An insight into the UK healthcare industry

by | 22.06.2016

At Quinyx, we work extensively with healthcare organisations throughout Europe.

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Martin Green, Chief Executive, Care England

Increasingly, we’re seeing larger numbers of health and social care providers using Quinyx to optimise their workforce management and deliver a higher standard of care to their end users.

We recently spoke to Martin Green, Chief Executive of Care England, the largest representative body for independent social care service in the UK, to get his insight into the future of the sector, the aspirations for healthcare and the challenges being faced by providers.


Here’s what we had to tell us:


What’s the current state of healthcare in the UK?

Our problem in this country is we have a very fragmented system; we treat health in one way and social care in another. When we started the health service we had a very clear pathway for people which was diagnose them, intervene and send them to a hospital, and then send them home cured.

Actually, the 21st century is characterised by people who have long term conditions where there is no cure. A lot of the support they need is how to live well with their condition, which social care does, but because the system is still in a 1948 model there is no seamless transition for people between health and social care. The two sectors are funded very differently, supported very differently and have a significant difference in people’s understanding of them.


Is there a shift that needs to happen in society from purely focussing on treating illness to safeguarding health?

It certainly needs to happen. Everyone talks endlessly about prevention but I don’t see much evidence of the delivery of it. We have an ill service not a health service. There’s a real challenge in turning the talk about prevention into a reality.


In terms of challenges, what are the big challenges facing the providers?

The biggest challenge is people are living longer with multiple health conditions and the system is not geared up to this new reality. We need to develop communities, infrastructure and transport where it’s easy for people with impairments to use them and be part of them.

For example, if we had a ‘lifetime-home standard’ we’d have all our plug sockets at waist height in our homes, we’d have gradients rather than steps everywhere, we’d have much wider doorways, we’d have much greater use of light in services, we’d have public health services that transitioned seamlessly into housing, transport and leisure rather than just being health and social care. So we have to orientate ourselves in a completely different way.


How can the industry make sure this happens?

We should shift away from focussing on the level and quality of the service’s people receive and start focussing on the quality of the life they have. The end-point of every service should always be about ensuring quality of life but so often the end-point is the service itself not the user.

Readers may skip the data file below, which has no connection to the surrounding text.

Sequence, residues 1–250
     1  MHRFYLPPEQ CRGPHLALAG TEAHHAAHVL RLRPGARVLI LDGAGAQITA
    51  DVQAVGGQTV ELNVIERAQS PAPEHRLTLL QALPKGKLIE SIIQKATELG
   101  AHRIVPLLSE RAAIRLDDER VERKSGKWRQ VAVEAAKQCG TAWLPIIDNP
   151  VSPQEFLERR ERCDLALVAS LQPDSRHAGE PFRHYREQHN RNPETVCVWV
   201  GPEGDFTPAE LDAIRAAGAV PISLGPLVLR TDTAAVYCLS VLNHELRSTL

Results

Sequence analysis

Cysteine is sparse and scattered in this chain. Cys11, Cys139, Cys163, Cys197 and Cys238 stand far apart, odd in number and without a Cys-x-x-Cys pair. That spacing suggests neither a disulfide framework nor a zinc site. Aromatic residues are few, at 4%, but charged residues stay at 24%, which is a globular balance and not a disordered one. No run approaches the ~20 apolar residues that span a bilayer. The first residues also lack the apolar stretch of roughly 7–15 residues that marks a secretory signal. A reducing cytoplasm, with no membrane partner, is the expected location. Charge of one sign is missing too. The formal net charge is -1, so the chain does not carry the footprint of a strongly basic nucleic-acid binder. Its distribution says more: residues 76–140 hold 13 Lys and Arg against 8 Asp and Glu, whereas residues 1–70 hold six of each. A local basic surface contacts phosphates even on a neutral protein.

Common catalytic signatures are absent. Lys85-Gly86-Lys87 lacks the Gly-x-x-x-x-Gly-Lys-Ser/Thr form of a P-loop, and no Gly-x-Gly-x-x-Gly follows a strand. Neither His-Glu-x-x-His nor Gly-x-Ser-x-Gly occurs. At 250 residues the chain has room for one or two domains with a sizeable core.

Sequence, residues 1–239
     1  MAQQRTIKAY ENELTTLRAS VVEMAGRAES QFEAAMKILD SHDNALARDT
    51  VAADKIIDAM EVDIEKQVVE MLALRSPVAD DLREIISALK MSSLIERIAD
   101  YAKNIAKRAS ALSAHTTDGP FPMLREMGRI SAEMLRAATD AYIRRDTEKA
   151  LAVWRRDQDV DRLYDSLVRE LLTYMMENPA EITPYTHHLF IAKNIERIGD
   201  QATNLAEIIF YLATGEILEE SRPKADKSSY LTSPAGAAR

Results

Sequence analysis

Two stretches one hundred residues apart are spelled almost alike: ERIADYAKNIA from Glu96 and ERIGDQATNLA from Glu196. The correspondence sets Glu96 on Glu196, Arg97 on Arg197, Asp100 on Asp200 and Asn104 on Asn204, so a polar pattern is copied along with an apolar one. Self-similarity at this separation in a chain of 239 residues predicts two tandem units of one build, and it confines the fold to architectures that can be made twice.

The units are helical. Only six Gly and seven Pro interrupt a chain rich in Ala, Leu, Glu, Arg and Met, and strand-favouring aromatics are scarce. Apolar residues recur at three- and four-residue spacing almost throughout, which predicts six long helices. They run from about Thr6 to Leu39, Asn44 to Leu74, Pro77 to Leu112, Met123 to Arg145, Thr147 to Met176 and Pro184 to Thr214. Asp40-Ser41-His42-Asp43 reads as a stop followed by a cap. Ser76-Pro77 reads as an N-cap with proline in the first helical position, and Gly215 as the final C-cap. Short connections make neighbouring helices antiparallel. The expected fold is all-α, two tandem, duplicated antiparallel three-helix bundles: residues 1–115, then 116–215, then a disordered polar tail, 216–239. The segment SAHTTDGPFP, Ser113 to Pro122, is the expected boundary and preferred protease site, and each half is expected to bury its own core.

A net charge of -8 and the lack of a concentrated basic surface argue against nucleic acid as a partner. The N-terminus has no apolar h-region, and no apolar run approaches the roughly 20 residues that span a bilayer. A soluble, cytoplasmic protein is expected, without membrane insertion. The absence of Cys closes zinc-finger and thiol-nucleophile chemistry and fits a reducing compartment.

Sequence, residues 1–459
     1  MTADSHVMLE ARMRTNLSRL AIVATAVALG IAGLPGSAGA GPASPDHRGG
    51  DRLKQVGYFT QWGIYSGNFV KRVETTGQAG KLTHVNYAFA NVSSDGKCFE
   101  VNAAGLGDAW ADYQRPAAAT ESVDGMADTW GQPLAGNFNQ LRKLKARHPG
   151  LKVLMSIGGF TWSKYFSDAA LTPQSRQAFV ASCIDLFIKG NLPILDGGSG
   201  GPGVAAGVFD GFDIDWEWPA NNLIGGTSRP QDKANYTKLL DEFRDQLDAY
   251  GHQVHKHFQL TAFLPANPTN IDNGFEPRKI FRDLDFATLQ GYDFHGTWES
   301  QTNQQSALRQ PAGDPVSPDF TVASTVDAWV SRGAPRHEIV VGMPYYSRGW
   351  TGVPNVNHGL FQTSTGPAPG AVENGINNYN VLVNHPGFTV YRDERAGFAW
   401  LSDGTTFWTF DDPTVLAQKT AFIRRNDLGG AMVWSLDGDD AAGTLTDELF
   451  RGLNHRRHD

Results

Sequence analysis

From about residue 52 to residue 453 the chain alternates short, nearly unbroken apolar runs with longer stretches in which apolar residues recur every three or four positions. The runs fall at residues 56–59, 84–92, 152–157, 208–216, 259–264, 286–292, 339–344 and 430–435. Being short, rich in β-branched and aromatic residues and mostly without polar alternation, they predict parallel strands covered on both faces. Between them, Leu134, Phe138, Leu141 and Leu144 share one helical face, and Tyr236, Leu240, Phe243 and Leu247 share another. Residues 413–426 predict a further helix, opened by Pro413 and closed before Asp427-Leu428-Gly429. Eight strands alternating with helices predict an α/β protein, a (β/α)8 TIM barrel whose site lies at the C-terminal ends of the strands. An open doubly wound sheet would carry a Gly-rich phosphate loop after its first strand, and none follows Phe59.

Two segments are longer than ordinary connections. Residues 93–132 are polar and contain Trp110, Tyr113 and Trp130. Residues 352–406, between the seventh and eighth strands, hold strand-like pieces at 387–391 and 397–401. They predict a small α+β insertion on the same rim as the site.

The system is setup to monitor services not people and outcomes, it’s obsessed with processes not the result. We’ve forgotten that all the processes are there to do is to facilitate someone having a good quality of life.


How do we change this?

It’s going to require a huge culture change and it’s going to require it in every bit of the system. It’s going to require citizens to be more demanding about what they want, it’s going to require political leadership, it’s going to require the individual to lead their own agenda in terms of what they need, it’s going to require professionals, particularly in the health service, to give up some of their power so the important point becomes about the experience the person has who is receiving the service.

All these things require enormous culture change as well as a change in how we do things.


Can you see this happening and how will the industry change with it?

It’s going to be a long-term shift. I don’t see much evidence of it happening now and one of the things the industry has to do, and is starting to do, is to start thinking about doing it anyway because if they wait for the government or the commissioner  or the regulator they’ll be waiting forever.

We have to take control and put the power back into the hands of the individual who uses the service and we’ve got to have in mind the best interests of the people who use services rather than all the noise about process.

We need a system that recognises what is good, and what people are doing well, and then makes that mainstream and available to everybody. My frustration is this rarely happens. There are lessons we can learn and should from the private sector in other industries about integrating a seamless service and making the experience of the end-user the priority.


As well as being the Chief Executive of Care England, Martin Green is also Chair of the International Longevity Centre and a Trustee of the National Aids Trust. In 2013 he was appointed Visiting Professor of Social Care to Buckinghamshire New University. In 2012, in his role as Department of Health Independent Sector Dementia Champion, he led the development of the Dementia Care and Support Compact for The Prime Minister's Challenge on Dementia.

 

In 2008 he was named care personality of the year and was awarded an OBE for Services to Social Care in the 2012 Queen's Birthday Honours List.

Tommy Tonkins

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